Constellations of thought rotate around like the cover of Led Zeppelin III or the wheel of a rotary telephone, an object common to domestic space during the era of my childhood, replaced over time by cellphones. Thinking of the Led Zeppelin album, I kneel beside my unalphabetized, unsystematized wall of vinyl whispering, “Come out, come out, wherever you are!”
There it is, a psychedelic thing of beauty. “Visual Creations by Zacron,” reads the circular stamp beside the credits on the inner sleeve. I guess this device I’m imagining is a volvelle, a wheel chart featuring concentric circles with pointers. Volvelles were used in medieval Europe to calculate the phases of the sun and moon. “While at the Royal Academy Schools,” I learn, “Zacron produced a rotating book” called One Line and a Box.
Users could ask the book “questions about their interaction with the environment,” as they might using devices like the Tarot or the I Ching. From this earlier work, Zacron derived the idea for the design of Led Zeppelin III. My courses begin to shape up into elaborate nested allegories.
Tap on Relatively Clean Rivers. Flash that archetypal Dayglo river-road landscape on the album cover, hint of the mid-1970s privately pressed Marin County-rooted psychedelic folk-rock contained therein. The record includes odd instrumental hollows, exudes a sweet blend of joy and melancholy: “weight off one’s mind,” as the band sings on “Hello Sunshine.”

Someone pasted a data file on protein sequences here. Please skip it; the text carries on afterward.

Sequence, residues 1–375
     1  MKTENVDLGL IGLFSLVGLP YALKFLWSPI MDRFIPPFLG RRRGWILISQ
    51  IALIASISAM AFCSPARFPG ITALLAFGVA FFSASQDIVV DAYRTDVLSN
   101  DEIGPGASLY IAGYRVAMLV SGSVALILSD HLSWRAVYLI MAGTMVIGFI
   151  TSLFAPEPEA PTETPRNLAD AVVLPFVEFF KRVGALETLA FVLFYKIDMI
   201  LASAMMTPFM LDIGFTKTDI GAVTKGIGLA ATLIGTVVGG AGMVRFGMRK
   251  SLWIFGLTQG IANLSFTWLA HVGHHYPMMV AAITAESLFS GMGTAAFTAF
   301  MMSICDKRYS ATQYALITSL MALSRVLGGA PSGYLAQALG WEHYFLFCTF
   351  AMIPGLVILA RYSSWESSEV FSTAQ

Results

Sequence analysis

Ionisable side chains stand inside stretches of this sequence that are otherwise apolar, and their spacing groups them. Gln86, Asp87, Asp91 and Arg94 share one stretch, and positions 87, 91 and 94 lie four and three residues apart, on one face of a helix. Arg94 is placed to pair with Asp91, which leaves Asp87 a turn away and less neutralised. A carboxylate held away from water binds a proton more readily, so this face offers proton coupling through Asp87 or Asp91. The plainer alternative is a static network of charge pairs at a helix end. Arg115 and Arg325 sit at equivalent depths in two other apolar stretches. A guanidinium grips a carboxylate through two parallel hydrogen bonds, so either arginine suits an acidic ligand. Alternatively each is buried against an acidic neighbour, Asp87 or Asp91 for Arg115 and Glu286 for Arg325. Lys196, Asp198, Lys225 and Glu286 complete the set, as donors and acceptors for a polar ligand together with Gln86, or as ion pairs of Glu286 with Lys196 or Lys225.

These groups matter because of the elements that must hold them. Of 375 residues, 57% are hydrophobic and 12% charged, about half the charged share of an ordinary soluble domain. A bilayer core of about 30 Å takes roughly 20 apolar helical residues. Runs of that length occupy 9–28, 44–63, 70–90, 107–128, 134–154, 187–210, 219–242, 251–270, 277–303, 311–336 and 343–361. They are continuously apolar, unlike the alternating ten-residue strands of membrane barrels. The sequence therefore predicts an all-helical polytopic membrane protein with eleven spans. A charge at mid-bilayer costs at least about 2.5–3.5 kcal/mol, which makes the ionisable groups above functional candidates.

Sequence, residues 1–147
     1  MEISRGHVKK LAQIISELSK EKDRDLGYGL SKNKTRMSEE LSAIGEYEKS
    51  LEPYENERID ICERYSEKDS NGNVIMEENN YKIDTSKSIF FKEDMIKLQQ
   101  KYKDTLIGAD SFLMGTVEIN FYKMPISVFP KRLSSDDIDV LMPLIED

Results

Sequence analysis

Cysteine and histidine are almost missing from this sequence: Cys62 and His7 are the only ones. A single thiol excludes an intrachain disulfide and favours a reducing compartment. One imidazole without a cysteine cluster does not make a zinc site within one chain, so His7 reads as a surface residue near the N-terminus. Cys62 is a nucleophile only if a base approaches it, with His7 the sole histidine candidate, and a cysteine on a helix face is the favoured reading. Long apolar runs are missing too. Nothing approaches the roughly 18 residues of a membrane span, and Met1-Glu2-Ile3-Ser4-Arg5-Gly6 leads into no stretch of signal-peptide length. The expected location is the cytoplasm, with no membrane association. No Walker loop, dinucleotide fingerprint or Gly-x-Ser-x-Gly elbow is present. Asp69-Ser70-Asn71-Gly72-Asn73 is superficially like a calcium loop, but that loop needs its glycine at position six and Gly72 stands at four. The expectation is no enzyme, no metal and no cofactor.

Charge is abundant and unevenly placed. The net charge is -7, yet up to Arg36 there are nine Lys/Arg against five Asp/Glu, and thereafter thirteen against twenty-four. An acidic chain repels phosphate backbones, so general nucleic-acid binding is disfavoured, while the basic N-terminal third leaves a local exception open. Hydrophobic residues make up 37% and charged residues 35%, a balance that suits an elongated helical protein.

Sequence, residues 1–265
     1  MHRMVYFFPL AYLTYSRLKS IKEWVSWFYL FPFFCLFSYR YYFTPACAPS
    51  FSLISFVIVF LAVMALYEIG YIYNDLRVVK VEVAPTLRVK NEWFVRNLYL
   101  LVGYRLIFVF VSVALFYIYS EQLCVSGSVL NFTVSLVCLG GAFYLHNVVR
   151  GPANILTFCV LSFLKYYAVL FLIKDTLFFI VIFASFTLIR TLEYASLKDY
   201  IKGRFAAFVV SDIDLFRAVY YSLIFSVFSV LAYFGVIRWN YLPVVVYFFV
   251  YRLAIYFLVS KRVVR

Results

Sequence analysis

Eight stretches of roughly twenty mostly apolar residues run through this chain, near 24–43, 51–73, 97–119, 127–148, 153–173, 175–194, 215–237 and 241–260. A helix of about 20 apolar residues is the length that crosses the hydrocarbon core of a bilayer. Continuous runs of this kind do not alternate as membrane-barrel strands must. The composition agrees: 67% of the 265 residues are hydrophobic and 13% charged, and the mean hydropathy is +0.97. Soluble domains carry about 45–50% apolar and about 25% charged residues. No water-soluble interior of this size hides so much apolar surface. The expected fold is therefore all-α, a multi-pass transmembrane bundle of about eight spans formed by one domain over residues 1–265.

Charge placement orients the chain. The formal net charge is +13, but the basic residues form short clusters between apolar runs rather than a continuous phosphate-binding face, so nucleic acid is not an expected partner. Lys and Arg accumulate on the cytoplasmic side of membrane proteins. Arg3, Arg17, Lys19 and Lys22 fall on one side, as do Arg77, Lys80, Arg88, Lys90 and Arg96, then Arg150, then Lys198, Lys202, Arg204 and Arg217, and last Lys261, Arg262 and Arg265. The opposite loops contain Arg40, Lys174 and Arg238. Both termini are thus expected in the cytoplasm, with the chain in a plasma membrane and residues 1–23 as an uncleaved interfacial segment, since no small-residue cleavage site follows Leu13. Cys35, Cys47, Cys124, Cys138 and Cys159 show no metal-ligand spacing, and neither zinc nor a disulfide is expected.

To encounter it is to encounter a psychedelic beacon, the acid equivalent of the holy spirit, beaming a signal to fellow heads across time. What is it that we’re trying to tell one another, I hear myself asking, we who have had psychedelic experiences? Where did we find ourselves before, in the midst of, and after? The lyrical persona in “A Thousand Years” speaks as one frustrated by subjecthood and identity, disappointed to find itself left again with a face—but the voice persists in its attempt to communicate. It’s an Orphic persona: one who attempts to realize and comprehend the totality, one who bears news from the other side. The news seems to be that all that is Good is trying to win us to its side. Songs are credited to band member Phil Pearlman, a name that recalls past parables as well as poems from the beginnings of English literature. Pearlman’s two incarnations prior to Relatively Clean Rivers were called The Electronic Hole and The Beat of the Earth. After a conversion of sorts involving a bible on a beach, however, Pearlman changed his name to Seth Philip Gadahn. Quite a story there, for those who wish to look.
Since we’re creating the universe (you and I!) we might as well have some fun, as do the members of the Incredible String Band in their film Be Glad for the Song Has No Ending (1970). (An essential psychedelic artifact, communicating secret knowledges from heads to fellow heads across time. The sections on band member Robin Williamson feel particularly otherwordly.)
Dancing down the sidewalk singing from lampposts, Oyster card in hand, we make our way, beach beckoning from beneath the pavement. In just a few short days I take leave of the States for a month abroad. The story at this point is one of spontaneous grandular progress, self-actualization into a grand unknown. Who will we be on return from this journey? I search old notebooks for clues. A head speaks to me across time, knowing perhaps that a future me would eventually get the message.
I want my Age of Aquarius! “Grab passion,” sings the radio. “Make it happen.” Next thing I know, I’m listening to “Ride My See-Saw” by The Moody Blues and digging it, entering through doorways new states of mind.